Subsequently, to the extent that the domestic support measures in the fruit and vegetables sector after the 2007 reform do not meet Green Box criteria, they fall under the non-exempt direct payments and are therefore calculated using budgetary outlays. The budgetary outlays notified related to the value of production of products in the fruit and vegetables sector result in many cases in a de minimis level of support. [G/AG/W/83/Rev.1 18 July 2011].
I confess I don’t find it easy to decipher what exactly this response is trying to say. Despite having notified a price gap calculation since 1995 based on the entry-price system, it now seems that the EU argues, not only that no price support exists after the reform, but that the only price support before the 2007 reform was actually the scheme of Community compensation for withdrawals. However, even though it now seems to consider that the price gap (entry price) methodology was a mistake, it has not submitted revised domestic support estimates for earlier years.
It seems I am not the only person to have a comprehension difficulty. For the Agriculture Committee meeting on 23 June 2011, the United States posed the following supplementary question to the EU: [G/AG/W/84, 16 June 2011]
It is United States’ understanding that the primary measure providing support for fruit and vegetables for which the AMS was calculated as a product-specific equivalent measure of support, prior to the 2007 reforms, was the entry-price system which is still in place. Can the European Union confirm whether this understanding is correct? Since this system was not replaced by the new measures, but rather the new types of support are provided in addition to the entry price system, why wouldn’t the correct calculation of AMS be the sum of support as previously calculated for the existing measures, and the additional support provided under the new mechanisms?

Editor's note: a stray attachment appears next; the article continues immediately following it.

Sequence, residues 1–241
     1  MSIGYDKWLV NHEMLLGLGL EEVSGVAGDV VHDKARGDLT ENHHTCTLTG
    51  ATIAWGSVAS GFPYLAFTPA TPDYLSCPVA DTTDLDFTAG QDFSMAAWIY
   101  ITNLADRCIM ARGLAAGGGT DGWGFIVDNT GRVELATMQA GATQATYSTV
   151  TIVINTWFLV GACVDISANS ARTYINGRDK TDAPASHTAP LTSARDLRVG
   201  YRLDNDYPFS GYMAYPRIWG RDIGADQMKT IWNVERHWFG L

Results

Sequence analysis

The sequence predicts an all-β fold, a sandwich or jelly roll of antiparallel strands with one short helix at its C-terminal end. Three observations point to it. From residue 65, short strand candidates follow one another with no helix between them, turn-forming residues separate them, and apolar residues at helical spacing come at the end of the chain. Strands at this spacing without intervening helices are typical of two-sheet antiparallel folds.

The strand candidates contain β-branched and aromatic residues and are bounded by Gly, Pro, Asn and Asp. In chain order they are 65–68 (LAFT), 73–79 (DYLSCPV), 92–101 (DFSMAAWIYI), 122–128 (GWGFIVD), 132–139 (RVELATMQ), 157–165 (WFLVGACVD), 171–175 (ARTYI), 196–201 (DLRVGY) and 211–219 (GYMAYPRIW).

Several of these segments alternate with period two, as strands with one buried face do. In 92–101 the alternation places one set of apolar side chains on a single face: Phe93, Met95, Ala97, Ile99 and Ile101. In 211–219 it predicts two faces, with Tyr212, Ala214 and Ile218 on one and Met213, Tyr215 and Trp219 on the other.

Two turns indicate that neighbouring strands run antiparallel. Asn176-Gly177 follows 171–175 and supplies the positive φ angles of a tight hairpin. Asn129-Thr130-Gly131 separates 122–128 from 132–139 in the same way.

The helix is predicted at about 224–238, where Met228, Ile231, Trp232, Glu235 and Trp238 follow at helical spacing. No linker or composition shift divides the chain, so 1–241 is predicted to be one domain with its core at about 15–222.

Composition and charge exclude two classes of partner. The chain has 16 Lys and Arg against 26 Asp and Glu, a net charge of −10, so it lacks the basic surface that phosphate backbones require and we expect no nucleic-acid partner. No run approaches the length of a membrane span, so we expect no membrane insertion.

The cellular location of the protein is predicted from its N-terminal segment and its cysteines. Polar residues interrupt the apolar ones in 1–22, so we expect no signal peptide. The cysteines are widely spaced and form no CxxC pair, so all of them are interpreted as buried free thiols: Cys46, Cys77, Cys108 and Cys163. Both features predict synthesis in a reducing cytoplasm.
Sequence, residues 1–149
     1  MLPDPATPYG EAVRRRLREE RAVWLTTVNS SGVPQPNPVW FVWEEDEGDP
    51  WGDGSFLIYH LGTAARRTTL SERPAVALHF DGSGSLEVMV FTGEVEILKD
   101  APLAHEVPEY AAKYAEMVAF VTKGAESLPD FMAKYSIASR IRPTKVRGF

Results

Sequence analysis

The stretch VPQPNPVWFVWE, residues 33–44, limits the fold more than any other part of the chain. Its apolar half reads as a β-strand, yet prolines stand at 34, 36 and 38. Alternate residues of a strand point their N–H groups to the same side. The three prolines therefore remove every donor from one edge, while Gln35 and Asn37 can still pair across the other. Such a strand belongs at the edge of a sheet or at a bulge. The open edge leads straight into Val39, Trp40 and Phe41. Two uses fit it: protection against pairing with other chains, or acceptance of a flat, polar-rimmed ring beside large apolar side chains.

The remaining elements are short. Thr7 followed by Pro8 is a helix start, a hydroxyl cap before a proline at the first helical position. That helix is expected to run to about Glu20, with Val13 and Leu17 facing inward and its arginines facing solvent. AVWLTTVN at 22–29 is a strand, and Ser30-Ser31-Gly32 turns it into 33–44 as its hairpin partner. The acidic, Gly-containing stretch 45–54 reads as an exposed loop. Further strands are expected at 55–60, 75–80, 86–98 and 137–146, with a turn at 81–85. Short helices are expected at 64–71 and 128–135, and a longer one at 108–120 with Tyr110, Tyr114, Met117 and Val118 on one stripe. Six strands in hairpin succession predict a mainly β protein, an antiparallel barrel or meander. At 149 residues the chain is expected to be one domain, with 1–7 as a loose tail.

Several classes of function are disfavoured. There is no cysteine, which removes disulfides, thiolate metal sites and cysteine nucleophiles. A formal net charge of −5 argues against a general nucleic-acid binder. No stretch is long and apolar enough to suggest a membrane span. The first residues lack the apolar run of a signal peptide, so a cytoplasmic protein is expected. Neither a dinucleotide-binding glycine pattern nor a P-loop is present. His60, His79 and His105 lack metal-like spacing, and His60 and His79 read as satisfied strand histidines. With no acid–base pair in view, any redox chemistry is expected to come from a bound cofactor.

The EU’s response to this question posed at the 23 June 2011 meeting has not yet been posted on the WTO website, so to date its answer is unknown.
For Swinbank, the whole affair raises a number of interesting questions. What did the EU hope to gain from this change at this stage in the Doha Round negotiations? Why would the EU decide, in 2011, to report this significant reduction in its current total AMS which reveals to the entire WTO membership that the EU will have no difficulty in meeting the projected Doha Round AMS commitment of a 70% reduction even without further substantive policy change? Why did it not wait until a review of the entry price system had been concluded in the wake of a Doha agreement, given that entry prices for many products are probably not protective?